Serious Money

By Caryl Churchill; Directed by Cheryl Faraone
Presented by Potomac Theatre Project

Serious Money
The cast of SERIOUS MONEY. Photo by Stan Barouh.

BOTTOM LINE: A good-looking production of a play that wallows in ugliness, satirizing the world of international finance.

Caryl Churchill’s 1987 play Serious Money belongs to several different eras at once. It takes its form from the 17th century but its storyline from the decade in which it was written, the 1980s. Twenty-six years later, it has taken on another layer: it’s now a period piece, but one that remains so relevant you might almost suspect the playwright was clairvoyant. As far as I know, Churchill isn’t psychic; she’s merely brilliant, and the Potomac Theatre Project’s production of Serious Money reminds us of that fact.

Like most people who majored in theatre after 1990, I’ve read and/or seen quite a few of Churchill’s plays (Cloud 9, Top Girls, Far Away and A Number among them). Her work is always highly political, frequently vulgar and profane, and consistently hilarious. From colonial exploitation to incest, from sexism to totalitarianism, literally nothing is sacred. Serious Money, a satire of the stock market, was a hit when it premiered in London; it subsequently came to New York and ran off Broadway. However, its Broadway transfer was a flop (despite the presence of a young Alec Baldwin in the cast). PTP’s current production first played in NYC last year and has been remounted by popular demand.

The trademark Churchill elements are all here: people behaving badly, razor-sharp dialogue (mostly in rhyming verse -- yes, really), and a deeply cynical worldview tempered with outrageous comedy. A large and talented cast (sixteen actors) assay multiple roles as we follow the exploits of Zac Zackerman (Noah Barlow), an American banker in London, and Scilla Todd (Tara Giordano), an upper-class Brit who has eschewed the family business for the trading floor, side by side with the “oiks,” hungry strivers from the working class newly thriving in Thatcher’s deregulated U.K. Booze, cocaine, and insider information flow freely. Naked, unashamed greed motivates every character, from the posh to the common; you won’t find any heroes, or even anti-heroes, here. Like the plays of Brecht, Serious Money wants you to feel adrift and alienated from the world you’re watching, even while it draws you in with comedy, song and dance. (Each act ends with a gloriously rude musical number, co-written by punk musician Ian Dury.)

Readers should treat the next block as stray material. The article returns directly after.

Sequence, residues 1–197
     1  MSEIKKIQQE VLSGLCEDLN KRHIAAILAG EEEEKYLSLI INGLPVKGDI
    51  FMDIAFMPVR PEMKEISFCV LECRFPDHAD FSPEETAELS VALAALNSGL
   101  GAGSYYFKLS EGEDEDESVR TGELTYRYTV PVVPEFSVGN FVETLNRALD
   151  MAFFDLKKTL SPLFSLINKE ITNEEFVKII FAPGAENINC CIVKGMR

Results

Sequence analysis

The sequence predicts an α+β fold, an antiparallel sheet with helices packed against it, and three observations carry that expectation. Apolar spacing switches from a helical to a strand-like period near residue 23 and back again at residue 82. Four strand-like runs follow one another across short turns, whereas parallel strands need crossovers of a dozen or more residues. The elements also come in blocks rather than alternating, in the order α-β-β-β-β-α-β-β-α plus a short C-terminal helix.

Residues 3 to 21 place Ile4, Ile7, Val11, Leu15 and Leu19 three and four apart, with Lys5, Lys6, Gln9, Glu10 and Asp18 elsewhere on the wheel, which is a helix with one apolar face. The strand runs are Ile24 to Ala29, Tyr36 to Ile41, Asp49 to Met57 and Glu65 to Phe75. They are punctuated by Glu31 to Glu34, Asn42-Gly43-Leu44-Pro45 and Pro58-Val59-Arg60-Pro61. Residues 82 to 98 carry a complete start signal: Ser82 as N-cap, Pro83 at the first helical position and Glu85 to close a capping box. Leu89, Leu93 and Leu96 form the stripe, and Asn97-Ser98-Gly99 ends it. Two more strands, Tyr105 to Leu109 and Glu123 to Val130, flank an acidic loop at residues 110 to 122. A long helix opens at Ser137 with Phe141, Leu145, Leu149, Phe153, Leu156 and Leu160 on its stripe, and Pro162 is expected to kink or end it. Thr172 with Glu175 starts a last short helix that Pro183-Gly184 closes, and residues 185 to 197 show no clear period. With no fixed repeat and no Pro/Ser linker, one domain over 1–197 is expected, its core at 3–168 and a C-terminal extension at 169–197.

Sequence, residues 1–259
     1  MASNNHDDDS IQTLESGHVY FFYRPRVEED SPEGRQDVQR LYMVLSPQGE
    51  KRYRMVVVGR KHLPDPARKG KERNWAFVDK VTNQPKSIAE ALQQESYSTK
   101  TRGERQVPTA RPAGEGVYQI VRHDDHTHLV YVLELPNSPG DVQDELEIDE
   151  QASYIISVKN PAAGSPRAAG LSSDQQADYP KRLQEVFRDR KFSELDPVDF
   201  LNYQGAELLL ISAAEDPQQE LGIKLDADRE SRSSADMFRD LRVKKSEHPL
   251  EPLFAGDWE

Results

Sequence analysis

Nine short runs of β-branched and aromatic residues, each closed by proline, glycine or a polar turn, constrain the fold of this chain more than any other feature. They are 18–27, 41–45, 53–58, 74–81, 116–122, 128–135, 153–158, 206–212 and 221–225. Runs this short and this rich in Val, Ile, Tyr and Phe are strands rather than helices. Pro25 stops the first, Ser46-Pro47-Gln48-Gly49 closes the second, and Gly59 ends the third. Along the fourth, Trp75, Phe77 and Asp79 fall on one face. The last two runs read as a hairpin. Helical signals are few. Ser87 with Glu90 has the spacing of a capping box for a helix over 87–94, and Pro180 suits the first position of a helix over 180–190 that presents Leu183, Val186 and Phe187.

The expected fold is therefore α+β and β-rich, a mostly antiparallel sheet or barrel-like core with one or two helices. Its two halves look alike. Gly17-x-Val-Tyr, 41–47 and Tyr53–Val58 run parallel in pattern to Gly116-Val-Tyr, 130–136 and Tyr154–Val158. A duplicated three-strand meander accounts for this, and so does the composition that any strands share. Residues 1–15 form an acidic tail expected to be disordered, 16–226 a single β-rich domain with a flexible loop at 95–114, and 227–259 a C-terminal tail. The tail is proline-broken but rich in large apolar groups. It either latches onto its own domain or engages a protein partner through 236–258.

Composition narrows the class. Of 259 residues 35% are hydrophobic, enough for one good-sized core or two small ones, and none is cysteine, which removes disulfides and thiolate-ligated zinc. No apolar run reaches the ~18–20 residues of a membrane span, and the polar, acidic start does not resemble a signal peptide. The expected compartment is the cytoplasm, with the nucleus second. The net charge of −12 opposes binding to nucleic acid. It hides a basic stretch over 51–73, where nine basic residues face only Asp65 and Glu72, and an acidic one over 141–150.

There are some alienating aspects of the show that probably aren’t intentional. If, like me, you don’t understand the structure and the lingo of stocks and banking, you will be left scratching your head from time to time. (A glossary in the program and occasional mini-lessons from the characters themselves don’t solve the problem completely.) There is also lots of British slang that zips by in the rapid-fire pace of the dialogue. And while director Cheryl Faraone keeps all the balls in the air and flying with impressive energy, there are times when just a hint of character development would be welcome among all the amoral hijinks. When a major character commits suicide (or is it murder?), the desperation that would drive someone to do so isn’t clearly established. This may be a comedy about people with no ethics, but it still has to connect the dots.

Serious Money boasts nimble performances, excellent design (Hallie Zieselman’s set and Jule Emerson and Krista Duke’s costumes in particular), and a wickedly witty script by one of our most significant living playwrights. At this time of global economic calamity, its depiction of a system run amok is as relevant as it's ever been. If you brush up on your financial vocabulary and leave your squeamishness at home, you’ll enjoy this nasty romp...and then hide your money under the bed.

(Serious Money plays at Atlantic Stage 2, 330 West 16th Street between 8th and 9th Avenues, through August 4, 2013. Tickets are $30 ($15 for students and seniors) and are available at or by calling 866.811.4111.)